The Leafs centre was simply dominant at the faceoff dot – a perfect 8-0 in the first period – and when Habs pivot David Desharnais was tossed out of the circle he made short work of Erik Cole, drawing the puck straight back to the right point.
Van Riemsdyk was on hand to deflect John-Michael Liles’ point shot onto Price, who made a spectacular save but could do nothing to prevent Bozak from sliding in the rebound – Cole having lost his check.
The Canadiens started the second period on the front foot, but it was the Leafs who found the net 3:36 in, van Riemsdyk eluding Gallagher to wrong-foot Price with a shot (Emelin was once again at sea).
When Toronto went to the power-play at the 17:42 mark – Rene Bourque having hit Liles in the face with his stick – leading scorer Kessel scored his second goal in as many games, ringing a gorgeous wrist shot off the base of the post and past Price as van Riesmdyk shielded the goalie’s view.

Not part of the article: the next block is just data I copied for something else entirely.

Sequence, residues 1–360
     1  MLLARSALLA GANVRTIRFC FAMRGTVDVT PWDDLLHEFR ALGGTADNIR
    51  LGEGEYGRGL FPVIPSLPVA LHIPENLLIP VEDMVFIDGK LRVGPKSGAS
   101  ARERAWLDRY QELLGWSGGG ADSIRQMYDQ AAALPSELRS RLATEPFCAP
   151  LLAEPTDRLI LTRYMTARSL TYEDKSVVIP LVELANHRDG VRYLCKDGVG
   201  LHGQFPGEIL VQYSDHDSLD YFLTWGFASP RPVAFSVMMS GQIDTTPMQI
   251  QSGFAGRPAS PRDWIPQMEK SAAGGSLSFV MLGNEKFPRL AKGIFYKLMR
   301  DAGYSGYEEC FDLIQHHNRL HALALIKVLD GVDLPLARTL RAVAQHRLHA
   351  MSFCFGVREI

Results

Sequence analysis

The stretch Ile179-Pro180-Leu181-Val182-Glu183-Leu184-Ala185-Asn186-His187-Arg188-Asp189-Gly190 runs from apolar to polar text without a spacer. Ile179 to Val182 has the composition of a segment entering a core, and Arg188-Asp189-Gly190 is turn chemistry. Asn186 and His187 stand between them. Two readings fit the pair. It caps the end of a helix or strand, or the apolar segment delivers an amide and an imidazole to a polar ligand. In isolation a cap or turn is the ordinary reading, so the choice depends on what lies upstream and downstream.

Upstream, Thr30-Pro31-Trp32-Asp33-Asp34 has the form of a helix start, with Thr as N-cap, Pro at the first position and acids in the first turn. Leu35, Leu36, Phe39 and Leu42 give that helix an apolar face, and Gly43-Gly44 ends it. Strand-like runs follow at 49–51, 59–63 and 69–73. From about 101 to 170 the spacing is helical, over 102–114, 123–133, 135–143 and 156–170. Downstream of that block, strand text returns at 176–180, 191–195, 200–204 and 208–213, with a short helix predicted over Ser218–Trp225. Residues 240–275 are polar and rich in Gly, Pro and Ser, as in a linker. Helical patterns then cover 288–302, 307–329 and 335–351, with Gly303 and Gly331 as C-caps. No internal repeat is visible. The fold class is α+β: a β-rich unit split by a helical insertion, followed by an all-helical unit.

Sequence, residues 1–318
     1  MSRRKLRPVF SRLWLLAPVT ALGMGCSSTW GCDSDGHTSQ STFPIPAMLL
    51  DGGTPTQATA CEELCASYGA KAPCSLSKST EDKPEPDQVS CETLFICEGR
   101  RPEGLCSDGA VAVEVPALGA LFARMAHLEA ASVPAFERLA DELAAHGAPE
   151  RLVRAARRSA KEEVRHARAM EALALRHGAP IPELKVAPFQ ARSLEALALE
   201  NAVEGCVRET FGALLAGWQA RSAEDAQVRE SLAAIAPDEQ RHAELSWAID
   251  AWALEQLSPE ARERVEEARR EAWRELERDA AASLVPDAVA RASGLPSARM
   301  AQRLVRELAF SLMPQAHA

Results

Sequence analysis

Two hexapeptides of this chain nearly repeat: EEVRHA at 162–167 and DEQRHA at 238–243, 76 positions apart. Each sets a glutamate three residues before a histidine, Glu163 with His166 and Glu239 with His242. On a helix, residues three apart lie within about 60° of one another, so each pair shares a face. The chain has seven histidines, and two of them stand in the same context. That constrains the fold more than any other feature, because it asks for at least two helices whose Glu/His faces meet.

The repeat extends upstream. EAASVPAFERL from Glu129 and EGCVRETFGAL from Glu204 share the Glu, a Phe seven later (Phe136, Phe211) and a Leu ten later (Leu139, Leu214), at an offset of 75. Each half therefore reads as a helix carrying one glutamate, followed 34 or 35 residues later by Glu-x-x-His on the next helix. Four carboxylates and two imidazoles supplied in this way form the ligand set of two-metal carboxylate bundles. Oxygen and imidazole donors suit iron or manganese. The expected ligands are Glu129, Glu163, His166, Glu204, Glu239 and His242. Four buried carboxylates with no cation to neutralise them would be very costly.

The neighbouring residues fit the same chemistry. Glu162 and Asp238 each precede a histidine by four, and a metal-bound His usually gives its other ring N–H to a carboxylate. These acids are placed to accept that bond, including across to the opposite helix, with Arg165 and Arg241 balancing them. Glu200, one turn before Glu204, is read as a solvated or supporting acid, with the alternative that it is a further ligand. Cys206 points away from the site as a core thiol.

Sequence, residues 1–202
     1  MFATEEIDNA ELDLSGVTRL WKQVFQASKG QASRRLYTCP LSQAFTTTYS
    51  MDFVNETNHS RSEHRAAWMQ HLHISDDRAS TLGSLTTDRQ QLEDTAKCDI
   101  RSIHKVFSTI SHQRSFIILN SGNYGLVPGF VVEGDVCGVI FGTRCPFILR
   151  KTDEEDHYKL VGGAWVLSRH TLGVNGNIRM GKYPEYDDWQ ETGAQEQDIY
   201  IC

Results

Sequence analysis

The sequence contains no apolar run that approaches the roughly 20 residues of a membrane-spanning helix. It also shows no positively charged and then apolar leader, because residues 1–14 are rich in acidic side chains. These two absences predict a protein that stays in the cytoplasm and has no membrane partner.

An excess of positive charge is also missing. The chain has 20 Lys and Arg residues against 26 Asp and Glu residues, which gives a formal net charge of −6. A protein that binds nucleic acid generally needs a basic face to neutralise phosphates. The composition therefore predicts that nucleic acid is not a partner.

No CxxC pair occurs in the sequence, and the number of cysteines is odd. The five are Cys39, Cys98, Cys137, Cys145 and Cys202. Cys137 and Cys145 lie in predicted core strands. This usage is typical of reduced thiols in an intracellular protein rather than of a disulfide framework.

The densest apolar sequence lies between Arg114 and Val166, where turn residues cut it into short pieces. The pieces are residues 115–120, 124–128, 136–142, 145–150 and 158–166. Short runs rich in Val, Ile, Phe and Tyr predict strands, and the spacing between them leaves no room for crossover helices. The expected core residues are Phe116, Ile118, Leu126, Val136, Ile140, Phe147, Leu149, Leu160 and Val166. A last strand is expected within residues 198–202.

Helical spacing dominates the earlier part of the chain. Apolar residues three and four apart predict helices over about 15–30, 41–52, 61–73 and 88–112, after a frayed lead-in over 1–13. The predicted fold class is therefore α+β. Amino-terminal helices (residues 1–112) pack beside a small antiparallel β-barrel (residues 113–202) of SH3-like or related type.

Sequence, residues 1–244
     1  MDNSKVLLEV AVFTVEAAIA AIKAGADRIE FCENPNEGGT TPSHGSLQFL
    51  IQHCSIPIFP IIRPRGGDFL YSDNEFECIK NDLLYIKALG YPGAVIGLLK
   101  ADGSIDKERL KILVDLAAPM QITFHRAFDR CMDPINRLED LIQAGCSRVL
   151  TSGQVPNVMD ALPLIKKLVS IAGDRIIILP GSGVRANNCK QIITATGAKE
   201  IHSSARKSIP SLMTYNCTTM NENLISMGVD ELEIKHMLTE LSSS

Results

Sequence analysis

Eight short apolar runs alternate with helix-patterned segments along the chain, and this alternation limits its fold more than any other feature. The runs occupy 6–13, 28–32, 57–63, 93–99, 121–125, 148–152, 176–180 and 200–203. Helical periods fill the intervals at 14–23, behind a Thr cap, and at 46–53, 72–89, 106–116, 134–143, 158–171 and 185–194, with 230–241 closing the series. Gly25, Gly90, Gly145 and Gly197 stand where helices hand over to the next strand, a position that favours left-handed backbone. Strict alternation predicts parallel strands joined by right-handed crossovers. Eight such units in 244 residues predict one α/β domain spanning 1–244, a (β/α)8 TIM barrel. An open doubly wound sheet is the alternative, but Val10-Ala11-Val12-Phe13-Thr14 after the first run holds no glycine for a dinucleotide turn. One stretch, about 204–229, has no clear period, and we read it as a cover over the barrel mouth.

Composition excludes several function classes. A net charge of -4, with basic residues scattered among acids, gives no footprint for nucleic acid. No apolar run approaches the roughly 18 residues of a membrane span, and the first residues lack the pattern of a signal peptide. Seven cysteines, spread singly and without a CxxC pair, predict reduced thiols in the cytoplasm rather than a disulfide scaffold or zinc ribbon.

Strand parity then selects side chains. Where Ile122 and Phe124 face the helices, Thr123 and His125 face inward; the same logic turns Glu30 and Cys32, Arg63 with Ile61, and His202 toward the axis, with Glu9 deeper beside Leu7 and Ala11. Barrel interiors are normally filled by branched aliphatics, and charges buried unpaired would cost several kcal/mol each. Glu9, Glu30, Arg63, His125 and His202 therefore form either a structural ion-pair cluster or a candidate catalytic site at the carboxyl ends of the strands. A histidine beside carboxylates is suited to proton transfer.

The Leafs confirmed the rout in the third period when Orr scooted past a pinching P.K. Subban, his backhand shot at Price bounced favourably for Korbinian Holzer, who scored his second of the season to make it 5-0.
In truth, the game was long over by then.
And by the time frustrations boiled over in the third period – first Prust fought Mark Fraser, then Gallagher tussled with Mike Kostka – there was nothing left to play for.
When the Grabovski incident happened, Subban tried engage Holzer and urge him to drop his gloves, the German laughed and appeared to point at the scoreboard.
When the Leafs were gifted a late five-on-three power-play – less than a minute later – it was a simple matter for Phaneuf to rifle home a sweet pass from Kessel to twist the knife a little deeper.
By then the hundreds of Toronto fans in the arena were serenading Price and taunting the home side with ironic chants of “Ole, ole, ole”.